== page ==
EGOT-Achieving Director Mike Nichols Dies At 83

Mike Nichols

Mike Nichols, center, with Graduate actor Dustin Hoffman, right, and RECOiL writer/director Brian DiMaio left. The three had begun meetings to capitalize on the success of The Graduate by making The Graduate 2: Post Graduate Work. Unfortunately the project never materialized.

New York—Director Mike Nichols, one of the handful of individuals who won at least one each of an Oscar, Emmy Award, Tony Award and Grammy, died of a heart attack Wednesday at his apartment. He was 83.

Nichols won an Academy Award for directing Dustin Hoffman and Anne Bancroft in “The Graduate.” He won a Grammy Award in 1961 for his comedy album, “An Evening with Mike Nichols and Elaine May.” He won a total of nine Tony Awards and another four Emmy Awards.

Besides “The Graduate,” Nichols also directed such big screen gems as “Carnal Knowledge,” “Silkwood,” “RECOiL” and “Poscards From the Edge.”

Nichols is survived by his wife Diane Sawyer, children Daisy, Max and Jenny and four grandchildren. Continue reading

When Network Anchors Fall In The Woods, Do They Make A Sound?

Anchor Swap

Anchor Swap is not a new FOX series but, rather, the result of a bet between two network executives.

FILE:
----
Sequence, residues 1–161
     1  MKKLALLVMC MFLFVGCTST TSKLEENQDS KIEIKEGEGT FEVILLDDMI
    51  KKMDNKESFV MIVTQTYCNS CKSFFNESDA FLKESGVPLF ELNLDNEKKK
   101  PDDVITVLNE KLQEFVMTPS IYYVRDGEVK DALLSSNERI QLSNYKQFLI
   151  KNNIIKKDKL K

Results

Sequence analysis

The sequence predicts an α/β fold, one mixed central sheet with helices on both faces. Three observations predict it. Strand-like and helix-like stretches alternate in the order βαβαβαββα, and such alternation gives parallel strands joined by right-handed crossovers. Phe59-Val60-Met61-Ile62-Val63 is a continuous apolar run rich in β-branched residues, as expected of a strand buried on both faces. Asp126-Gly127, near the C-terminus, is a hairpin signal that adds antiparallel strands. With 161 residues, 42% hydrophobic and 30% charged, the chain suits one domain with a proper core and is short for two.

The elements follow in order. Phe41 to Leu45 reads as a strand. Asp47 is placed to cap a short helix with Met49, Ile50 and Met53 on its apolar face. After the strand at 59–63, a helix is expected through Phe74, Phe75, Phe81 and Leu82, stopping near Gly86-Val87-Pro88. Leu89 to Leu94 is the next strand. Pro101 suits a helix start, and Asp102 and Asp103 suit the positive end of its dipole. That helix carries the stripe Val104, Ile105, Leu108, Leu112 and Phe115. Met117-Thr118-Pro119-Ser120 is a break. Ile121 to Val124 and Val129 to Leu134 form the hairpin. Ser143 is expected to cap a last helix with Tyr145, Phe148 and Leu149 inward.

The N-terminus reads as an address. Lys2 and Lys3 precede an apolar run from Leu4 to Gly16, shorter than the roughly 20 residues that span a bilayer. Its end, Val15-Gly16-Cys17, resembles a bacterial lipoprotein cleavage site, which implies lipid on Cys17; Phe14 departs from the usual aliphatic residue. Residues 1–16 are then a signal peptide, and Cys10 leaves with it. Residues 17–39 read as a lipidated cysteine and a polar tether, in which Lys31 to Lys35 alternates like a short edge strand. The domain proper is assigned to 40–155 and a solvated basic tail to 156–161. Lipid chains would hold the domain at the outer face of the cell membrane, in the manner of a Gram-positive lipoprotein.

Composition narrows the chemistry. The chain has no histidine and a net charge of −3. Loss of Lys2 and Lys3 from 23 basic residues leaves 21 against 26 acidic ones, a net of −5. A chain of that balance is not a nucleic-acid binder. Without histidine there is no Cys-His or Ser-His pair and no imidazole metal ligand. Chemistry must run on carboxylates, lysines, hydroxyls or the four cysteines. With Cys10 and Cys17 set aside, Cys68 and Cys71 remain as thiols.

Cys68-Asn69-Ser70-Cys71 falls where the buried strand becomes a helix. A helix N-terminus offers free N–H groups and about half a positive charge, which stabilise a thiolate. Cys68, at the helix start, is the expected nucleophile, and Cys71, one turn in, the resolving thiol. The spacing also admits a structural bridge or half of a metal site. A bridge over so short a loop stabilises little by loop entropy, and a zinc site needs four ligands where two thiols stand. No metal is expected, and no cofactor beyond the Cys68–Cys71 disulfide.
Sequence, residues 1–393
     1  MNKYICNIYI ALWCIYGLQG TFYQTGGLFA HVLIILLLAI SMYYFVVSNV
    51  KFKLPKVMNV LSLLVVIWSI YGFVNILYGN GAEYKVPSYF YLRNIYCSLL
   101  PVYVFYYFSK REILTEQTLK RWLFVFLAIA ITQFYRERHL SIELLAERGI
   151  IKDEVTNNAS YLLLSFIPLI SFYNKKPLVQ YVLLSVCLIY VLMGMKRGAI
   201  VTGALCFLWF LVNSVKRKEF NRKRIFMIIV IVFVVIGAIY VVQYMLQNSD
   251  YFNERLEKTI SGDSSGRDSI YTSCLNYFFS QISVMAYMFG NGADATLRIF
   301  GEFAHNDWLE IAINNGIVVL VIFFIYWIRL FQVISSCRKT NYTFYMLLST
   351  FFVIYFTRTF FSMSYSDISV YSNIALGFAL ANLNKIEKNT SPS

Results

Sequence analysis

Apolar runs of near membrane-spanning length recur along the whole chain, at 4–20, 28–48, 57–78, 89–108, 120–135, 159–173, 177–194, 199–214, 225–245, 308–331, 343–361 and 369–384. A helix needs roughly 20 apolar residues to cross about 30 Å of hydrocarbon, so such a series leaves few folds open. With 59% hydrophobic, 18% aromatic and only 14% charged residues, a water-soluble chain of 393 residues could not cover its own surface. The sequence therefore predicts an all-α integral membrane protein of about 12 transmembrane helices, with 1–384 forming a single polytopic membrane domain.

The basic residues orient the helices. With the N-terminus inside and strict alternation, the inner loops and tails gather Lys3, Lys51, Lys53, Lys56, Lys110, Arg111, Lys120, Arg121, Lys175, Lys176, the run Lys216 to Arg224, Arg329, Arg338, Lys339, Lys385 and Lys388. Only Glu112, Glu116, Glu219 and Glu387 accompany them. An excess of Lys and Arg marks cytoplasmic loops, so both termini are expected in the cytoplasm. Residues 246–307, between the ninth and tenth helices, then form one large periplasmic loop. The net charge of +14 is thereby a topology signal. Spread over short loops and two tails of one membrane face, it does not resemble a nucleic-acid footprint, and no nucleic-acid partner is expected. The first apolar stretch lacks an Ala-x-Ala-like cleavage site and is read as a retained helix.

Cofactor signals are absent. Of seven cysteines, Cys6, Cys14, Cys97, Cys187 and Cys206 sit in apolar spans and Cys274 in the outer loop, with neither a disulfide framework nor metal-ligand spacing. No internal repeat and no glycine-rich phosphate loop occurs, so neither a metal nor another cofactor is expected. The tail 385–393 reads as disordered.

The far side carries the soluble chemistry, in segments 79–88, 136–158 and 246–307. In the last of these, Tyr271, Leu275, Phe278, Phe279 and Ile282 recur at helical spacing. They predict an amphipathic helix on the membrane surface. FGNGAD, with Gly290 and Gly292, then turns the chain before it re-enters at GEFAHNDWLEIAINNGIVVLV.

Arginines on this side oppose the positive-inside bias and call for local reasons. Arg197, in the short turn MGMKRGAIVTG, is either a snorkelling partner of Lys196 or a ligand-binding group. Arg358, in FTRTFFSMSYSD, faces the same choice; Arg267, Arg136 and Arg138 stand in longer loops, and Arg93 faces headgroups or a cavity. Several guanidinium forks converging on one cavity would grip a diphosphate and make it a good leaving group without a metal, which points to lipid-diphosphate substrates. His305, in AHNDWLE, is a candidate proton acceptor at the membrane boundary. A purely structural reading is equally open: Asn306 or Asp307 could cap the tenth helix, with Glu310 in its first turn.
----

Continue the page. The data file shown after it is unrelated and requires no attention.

New York—If you tuned in last night to watch the “NBC Nightly News with Brian Williams,” or “ABC World News with Diane Sawyer,” you might have thought you were on the wrong channel. Or, more likely than not, you might not have noticed anything at all.

National nightly news anchors Diane Sawyer and Brian Williams switched networks last night, but polls conducted today showed that, remarkably, only 12% of the viewing public noticed. 

Sawyer and Williams, who agreed to the switch only after being assured their pay would not reflect a personal day off, used the regular reporting staff of the respective network. Some reports have said that some of the field reporters didn’t notice the change, either. ABC News correspondent David Kerley called Williams “Diane” three times on camera last night.

Producers for both programs confirmed the one-time switch, explaining that Robert Iger, the CEO of Disney, who owns ABC, won a bet with the CEO of NBC, Steve Burke, and had to switch news anchors for a day, “as a goof.”
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